In Search of a Holy Week
Holy Week is upon us, and with it the usual wearisome parade of articles and blog posts and podcasts offering more palatable understandings of Christian faith and crosses and empty tombs than dreary orthodox fare. Rational people can obviously no longer be expected to believe the outdated and unbelievable story of miracles and dying for sins and actual coming-back-from-the-dead. But the narrative of Holy Week is still deemed to have a few residual nuggets of potential worth mining for our personal spiritual journeys. You’ll be relieved to know.
The latest turgid entry in this broad category of “rewriting Easter” comes via a piece by Jennifer Finney Boylan in today’s New York Times called “The Agony of Faith.” The script is almost so predictable as to write itself. Middle aged person who abandoned faith in childhood as so much superstitious nonsense wanders into a liberal-ish church in mid-life and hears a social-justice-ish sermon, finds heart strangely warmed by the love-ish-ness of God, is inspired by a painting of Jesus in Gethsemane that is faithfully interpreted as a prototype of the postmodern experience of doubt, is doubly inspired by a Jesus who followed his heart despite his doubts, and ends with some friends on a beach who couldn’t possibly say if Jesus rose from the dead, but the rising sun on the water and the warm glow of human friendship is enough Easter for them.
I had a number of unholy reactions after reading this piece (chief among them was a reminder that I really should spend more time praying before opening my computer in the morning), but at the end of all my grousing and grumbling was a rather simple conclusion. If that is all that faith really is, if that is all that Holy Week and Easter ultimately point to, if this represents the possibilities for faith two thousand years or so after Jesus stumbled and groaned up Golgotha’s hill, then I will take atheism, thank you very much.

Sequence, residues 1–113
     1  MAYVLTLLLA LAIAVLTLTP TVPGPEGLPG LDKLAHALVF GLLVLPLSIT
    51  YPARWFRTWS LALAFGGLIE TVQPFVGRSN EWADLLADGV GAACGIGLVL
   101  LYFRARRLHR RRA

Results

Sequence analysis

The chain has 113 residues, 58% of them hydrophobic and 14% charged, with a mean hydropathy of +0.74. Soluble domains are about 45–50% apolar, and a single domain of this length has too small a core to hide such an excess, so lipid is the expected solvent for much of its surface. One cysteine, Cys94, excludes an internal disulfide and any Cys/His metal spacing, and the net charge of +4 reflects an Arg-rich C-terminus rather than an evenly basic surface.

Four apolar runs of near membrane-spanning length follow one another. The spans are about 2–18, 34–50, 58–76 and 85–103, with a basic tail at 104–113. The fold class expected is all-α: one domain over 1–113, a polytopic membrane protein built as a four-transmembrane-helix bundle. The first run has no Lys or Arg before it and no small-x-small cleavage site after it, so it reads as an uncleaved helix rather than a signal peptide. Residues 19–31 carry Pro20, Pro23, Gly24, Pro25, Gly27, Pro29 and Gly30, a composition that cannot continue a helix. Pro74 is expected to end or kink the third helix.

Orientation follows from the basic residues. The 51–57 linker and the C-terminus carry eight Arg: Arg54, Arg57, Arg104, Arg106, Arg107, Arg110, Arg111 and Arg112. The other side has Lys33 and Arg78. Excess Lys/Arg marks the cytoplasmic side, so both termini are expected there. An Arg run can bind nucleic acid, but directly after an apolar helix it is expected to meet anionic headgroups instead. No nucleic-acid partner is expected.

I can quite easily think inspiring and self-congratulatory thoughts about myself and my friends on a beach without Jesus and his Holy Week. I don’t need a pain-drenched story about a wild rabbi ostensibly executed for blasphemy and sedition, yes, but also—incredibly—for my sins, whose followers claimed—against all odds and against their own expectations—that he had risen from the dead a few days later, who a few decades later had inspired a movement that would change the world and was being worshiped as God himself, whose entire career represented a collective summons to all of humanity to lives of forgiveness and mercy and holiness and self-denial and costly love. I don’t need the blood and the guilt, the terror and the violent injustice, the sorrow and the shattering holiness of Holy Week as mere ornamentation for a spiritual journey that proceeds mostly on my terms. I don’t even want it, truth be told.
Indeed, I think that an atheist who looks at the Christian story in general and the story of Holy Week in particular and writes it off as a fanciful and offensive nonsense has actually understood the story better than a vaguely spiritual postmodern who finds pleasant springtime metaphors for new life and possibility and being heroically true to our mostly admirable selves. At least they’ve understood what the story demands of us. We fuss endlessly over whether we can believe that the resurrection “really happened.” And the story of Easter does demand this of us. But I sometimes wonder if in our day it’s at least as hard for us to believe that we are the sort of people and the world is the sort of place that could make the story of Holy Week inevitable or, God forbid, necessary. A dead guy coming back to life is nothing compared to convincing twenty-first century postmoderns that we have sins that require bearing.
Whatever else we might say about Holy Week, it should at least be a reminder that the world is an ugly place and that we are very often enthusiastic contributors to the ugliness. It should make us reckon with the world as it really is, with us as we really are, and with God as God really is. If ever there was a week that demanded that we set aside our private agendas and self-serving doubts and flattering illusions, this would be the one.
Palm Sunday ought to line us up street side with glad hosannas that had no idea what was coming.